Its is now known when to use both Scrum and Kanban most of the time. This makes them far more appealing to the risk averse who hate uncertainty.

Next, I overlaid Dave Snowden’s Cynefin. Doing this helped me link to the cultures associated with each part of the curve. (More to come later on this)

memes cynefin

Cynefin maps nicely to the Meme Life cycle. From creation of the meme to exiting the chasm, agents engage in safe to fail experimentation to test multiple hypothesis in order to map the meme to the different fitness landscapes.

Mapping to Cynefin made it easy to map to Real Options. An option’s value is only greater than the intrinsic value when there is uncertainty. When there is certainty, there is no value in deferring a commitment. This is where “unless you know why” comes in. If you know why, if you have certainty, then you can commit early.

cynefin real options

And finally, it is possible to map to principles versus practice.

real options principles

Those operating before the chasm act based on principles. They understand that they may be operating in a fitness landscape where the meme they are using fails. Once the meme has exited the chasm, the users expect that they only need to follow the practices, and the principles become less important. Often the principles are forgotten or ignored and this leads to failure as more obscure fitness landscapes are discovered. This failure corresponds to the cliff in the Cynefin Model. Fundamentally, principles should dominate before the Chasm, and practice dominates after the chasm. This causes real problems for memes that are principle driven like many of the Agile practices.

Communities of Practice

There are two clear communities of practice that overlap considerably:

  • The “Communities of Need” are centred on the creation of memes. Members of this community operate in the area of “Need” to create a meme and then work with the meme to identify fitness landscapes where it fails, and evolve them accordingly. These communities have problems that need to be solved. They take solutions developed for one context and attempt to implement them in their own context (exaption), and modify (evolve) them as appropriate.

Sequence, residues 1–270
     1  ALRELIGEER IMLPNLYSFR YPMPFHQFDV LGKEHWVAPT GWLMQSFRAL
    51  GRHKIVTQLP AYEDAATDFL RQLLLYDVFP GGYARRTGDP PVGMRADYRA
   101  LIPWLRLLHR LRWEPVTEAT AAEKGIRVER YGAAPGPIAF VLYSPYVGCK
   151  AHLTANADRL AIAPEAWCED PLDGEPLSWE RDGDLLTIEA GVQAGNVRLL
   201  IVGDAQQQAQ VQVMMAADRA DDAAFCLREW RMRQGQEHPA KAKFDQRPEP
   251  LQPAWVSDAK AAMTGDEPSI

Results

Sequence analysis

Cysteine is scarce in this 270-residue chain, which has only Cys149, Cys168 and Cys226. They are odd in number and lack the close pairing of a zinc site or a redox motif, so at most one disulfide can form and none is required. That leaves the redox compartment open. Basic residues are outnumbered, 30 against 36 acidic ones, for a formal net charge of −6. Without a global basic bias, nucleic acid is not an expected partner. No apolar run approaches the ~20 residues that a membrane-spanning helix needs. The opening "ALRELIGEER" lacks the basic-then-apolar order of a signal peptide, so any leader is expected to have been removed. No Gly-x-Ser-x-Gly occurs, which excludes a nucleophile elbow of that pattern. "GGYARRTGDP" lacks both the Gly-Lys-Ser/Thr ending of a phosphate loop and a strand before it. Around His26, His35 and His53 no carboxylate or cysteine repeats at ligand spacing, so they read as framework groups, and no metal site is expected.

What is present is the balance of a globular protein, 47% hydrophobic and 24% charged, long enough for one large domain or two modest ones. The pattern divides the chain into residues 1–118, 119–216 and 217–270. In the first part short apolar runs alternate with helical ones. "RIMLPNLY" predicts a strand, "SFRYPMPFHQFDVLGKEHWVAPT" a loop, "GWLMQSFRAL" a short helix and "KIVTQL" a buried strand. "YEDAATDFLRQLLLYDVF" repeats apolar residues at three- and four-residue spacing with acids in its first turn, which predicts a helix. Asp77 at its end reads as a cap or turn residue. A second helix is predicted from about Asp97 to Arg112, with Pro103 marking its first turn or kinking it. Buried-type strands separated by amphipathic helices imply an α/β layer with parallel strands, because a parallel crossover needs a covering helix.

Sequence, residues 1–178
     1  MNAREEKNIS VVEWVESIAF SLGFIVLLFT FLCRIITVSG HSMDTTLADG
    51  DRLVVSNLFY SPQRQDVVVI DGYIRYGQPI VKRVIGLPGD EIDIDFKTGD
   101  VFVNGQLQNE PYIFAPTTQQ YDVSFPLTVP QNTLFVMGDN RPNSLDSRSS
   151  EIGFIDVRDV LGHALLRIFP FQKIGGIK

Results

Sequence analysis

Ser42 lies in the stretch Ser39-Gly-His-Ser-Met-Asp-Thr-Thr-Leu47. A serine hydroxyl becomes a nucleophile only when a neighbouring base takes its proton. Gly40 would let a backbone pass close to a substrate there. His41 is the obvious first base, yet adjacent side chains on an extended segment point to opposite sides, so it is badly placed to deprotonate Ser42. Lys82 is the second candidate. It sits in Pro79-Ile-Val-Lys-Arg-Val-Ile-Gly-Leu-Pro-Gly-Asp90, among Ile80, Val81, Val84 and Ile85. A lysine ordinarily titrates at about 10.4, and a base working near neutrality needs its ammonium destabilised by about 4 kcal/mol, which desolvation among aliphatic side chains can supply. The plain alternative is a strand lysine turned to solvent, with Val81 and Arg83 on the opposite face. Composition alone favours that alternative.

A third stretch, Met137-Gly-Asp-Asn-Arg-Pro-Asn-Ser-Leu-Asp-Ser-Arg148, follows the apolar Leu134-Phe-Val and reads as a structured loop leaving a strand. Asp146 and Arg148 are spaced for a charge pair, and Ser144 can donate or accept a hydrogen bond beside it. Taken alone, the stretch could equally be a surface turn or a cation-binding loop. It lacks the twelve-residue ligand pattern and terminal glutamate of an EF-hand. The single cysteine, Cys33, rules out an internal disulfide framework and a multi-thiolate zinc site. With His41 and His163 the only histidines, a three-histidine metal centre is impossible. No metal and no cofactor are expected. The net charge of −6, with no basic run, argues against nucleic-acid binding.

• The “Communities of Solutions” are centred on the Chasm. Members of this community attempt to extend the number of fitness landscapes that a meme works in and then sell the meme to the early and late majority on the other side of the chasm.

Communities of Need

Communities of Need can easily be identified by their gatherings. For example, conferences would consist of the following:

  • An un-famous Keynote, often talking about ideas that are unfamiliar or novel to the community. The keynote has practical experience of the material they discuss. The keynote is not normally a draw for the conference., (The gathering of the community, and exchange of ideas is often the draw.)
  • Experience Reports dominate, and spark discussion. There is an understanding that Communities of Need grow based on experiences. An experience prompts others to share stories and a “model” is built accordingly.
  • The conferences have a heavy open space element as the participants are often as knowledgeable as the speakers/facilitators. Organised sessions are often workshops ( Gold fish bowls ) to harvest community knowledge.
  • Context is everything.

Examples of “Community of Need” conferences include XP Day, Lean Agile Scotland, Agile Lean Europe 20xx, Lean UX NYC.

Once a need has been resolved, communities of need may dwindle, or move on to solve another need. A classic example of this is XTC. The needs of the London XTC community have pretty much been met. They know how to write software in small teams, and there are no significant community needs outstanding. As such, those interested in personal development now gravitate towards the software craftsmanship community.

Every member of a “Community of Need” is a leader. They are Problem Champions. As such, these communities do not tend to have leaders. If anything the leaders are often servants of the community who support the community, organising events but no one knows who they are.

Communities of Solutions

Communities of Solutions are about promoting meme across the chasm and beyond. Their conferences are also obvious:

  • The keynote is famous. More often than not talking about a subject they have no practical experience in. They have either read a book or done a bit of study. Malcolm Gladwell is the ultimate expression of a keynote for a CoS. If they do have any experience, it dates back years in the past.
  • There are normally workshops added onto the conference on subjects near the chasm.
  • The sessions are organised in advance and consists of talks, workshops and “taster” sessions where the attendees learn from the speakers. Attendees want to be told what to do.
  • The Conferences are organised as commercial ventures with the profits generated going to the organisers.
  • Context is not considered relevant.
  • “Community of Needs” individuals are normally the speakers and hold small impromptu conferences in “The Corridor”

Examples of “Community of Solution” Conferences include Agile20xx, QCon, Goto.